Hi, my name is Tyler Perry. I was born in Northern California, but I have lived in Southern California, Arizona, Idaho, Utah, and, most recently, Japan. I served my mission in the Texas Dallas Mission. I am a graduate of Brigham Young University – Idaho. I am a writer, engineer, gamer, martial artist, traveler, and baseball aficionado. I have zero fashion sense, and most of my friends are nerdy guys who play D&D or watch college football.
I am also gay.
I have a rather complicated family dynamic. My mom and dad were never married, and my mom raised me as a single parent until she married my stepdad when I was about eight years old. That union brought three brothers into my life. Meanwhile, my dad got married and had my sister when I was seven years old. On my mom’s side, we are “pioneer stock” Mormons, descendants of handcart pioneers and polygamists. My dad’s side is Episcopalian.
My extended family is also important to me. My cousins, aunts, uncles, grandparents, great-grandparents, great-aunts, and great-uncles are all a significant part of my upbringing. Despite the complicated dynamics, we were also very much the stereotypical Mormon family.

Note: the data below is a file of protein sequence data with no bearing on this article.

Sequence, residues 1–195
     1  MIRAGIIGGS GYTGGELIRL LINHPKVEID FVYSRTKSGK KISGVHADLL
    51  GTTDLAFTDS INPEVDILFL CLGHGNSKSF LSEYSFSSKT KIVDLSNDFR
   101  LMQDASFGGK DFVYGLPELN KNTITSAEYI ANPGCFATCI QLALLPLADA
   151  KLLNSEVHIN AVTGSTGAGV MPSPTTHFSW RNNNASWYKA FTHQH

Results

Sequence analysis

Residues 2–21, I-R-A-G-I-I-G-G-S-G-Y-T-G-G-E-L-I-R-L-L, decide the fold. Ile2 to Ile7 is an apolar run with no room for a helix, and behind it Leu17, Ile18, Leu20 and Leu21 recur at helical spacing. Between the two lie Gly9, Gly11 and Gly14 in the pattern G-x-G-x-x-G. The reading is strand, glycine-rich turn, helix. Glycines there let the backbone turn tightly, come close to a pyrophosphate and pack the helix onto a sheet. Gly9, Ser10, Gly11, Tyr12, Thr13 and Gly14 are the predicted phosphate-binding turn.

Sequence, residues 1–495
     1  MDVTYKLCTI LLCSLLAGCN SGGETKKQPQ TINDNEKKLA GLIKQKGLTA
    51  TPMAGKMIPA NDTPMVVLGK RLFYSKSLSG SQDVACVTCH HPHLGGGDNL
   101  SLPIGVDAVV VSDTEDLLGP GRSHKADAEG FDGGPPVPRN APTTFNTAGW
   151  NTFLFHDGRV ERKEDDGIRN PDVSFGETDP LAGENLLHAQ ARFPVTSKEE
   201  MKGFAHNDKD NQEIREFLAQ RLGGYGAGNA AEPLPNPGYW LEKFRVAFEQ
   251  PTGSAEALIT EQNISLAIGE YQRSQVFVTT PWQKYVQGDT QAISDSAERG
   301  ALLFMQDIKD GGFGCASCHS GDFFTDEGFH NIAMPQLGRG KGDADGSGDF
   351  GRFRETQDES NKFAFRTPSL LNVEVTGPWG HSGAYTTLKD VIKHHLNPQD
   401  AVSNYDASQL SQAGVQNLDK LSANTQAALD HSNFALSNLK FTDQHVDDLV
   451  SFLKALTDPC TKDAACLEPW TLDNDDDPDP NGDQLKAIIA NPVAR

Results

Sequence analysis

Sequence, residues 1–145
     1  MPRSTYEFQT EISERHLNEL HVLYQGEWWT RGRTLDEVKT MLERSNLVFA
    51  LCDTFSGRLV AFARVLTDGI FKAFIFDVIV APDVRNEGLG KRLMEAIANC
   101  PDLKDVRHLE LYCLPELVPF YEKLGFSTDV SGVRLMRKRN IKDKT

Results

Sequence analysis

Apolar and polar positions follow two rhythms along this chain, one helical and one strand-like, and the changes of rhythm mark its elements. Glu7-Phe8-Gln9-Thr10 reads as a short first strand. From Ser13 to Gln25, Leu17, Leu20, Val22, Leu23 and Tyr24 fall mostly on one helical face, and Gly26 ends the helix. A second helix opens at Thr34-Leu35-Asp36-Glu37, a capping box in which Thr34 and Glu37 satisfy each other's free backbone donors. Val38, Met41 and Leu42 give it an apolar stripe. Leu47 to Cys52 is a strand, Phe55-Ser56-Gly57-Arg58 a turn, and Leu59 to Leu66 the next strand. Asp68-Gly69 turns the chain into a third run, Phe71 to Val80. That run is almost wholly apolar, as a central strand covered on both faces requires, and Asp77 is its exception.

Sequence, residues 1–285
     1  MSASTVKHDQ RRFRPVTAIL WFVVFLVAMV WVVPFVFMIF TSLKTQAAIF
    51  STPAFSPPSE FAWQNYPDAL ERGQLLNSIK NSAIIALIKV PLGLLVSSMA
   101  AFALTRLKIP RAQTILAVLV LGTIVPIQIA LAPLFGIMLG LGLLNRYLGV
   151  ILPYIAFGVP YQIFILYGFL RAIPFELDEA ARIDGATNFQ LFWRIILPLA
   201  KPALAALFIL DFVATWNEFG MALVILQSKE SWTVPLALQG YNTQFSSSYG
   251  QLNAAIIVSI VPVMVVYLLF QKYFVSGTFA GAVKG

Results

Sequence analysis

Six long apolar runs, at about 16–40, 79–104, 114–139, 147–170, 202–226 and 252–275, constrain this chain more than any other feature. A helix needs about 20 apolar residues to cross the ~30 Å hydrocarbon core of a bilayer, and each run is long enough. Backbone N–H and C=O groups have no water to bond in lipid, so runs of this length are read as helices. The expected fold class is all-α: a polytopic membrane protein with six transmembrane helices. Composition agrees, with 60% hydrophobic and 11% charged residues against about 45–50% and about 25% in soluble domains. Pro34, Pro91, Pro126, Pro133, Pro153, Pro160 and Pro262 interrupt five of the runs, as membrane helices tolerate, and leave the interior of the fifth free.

I learned from a young age that my goal should be to serve a mission, marry in the temple, and have lots of children. This was the goal that my family had for me, and I wanted to make them proud. It became my own goal. My patriarchal blessing assured me that I would, one day, kneel across the altar of the temple to be sealed to a choice daughter of Zion.
I knew that I was different, but I buried those differences deep down. I had other challenges that kept me distracted through my teenage years. My relationship with my stepdad soured, and he would often say casually homophobic things. He was also the Elder’s Quorum President for a time. It was clear that accepting my differences would not be safe, at home or at church.
To protect myself, I developed a deep, almost aggressive conservative personality. I would say homophobic things, blame people for their own bad circumstances, and pride myself on having access to some great truths that only the elect of God would receive. When Prop 8 hit the ballot in 2008, I stood in front of the gold signs with my Institute classmates and picketed in support of the measure to define marriage as being between one man and one woman.
I served my mission and returned with honor. I learned a great many life lessons, and I was full of spiritual energy when I returned home. I was certain that I had done my part to merit the blessings promised me in my patriarchal blessing.
The Lord seemed to guide me toward Brigham Young University – Idaho. As a fan of the University of Utah, this was not something that I was keen on, but I decided that I would go where the Lord wanted me to go.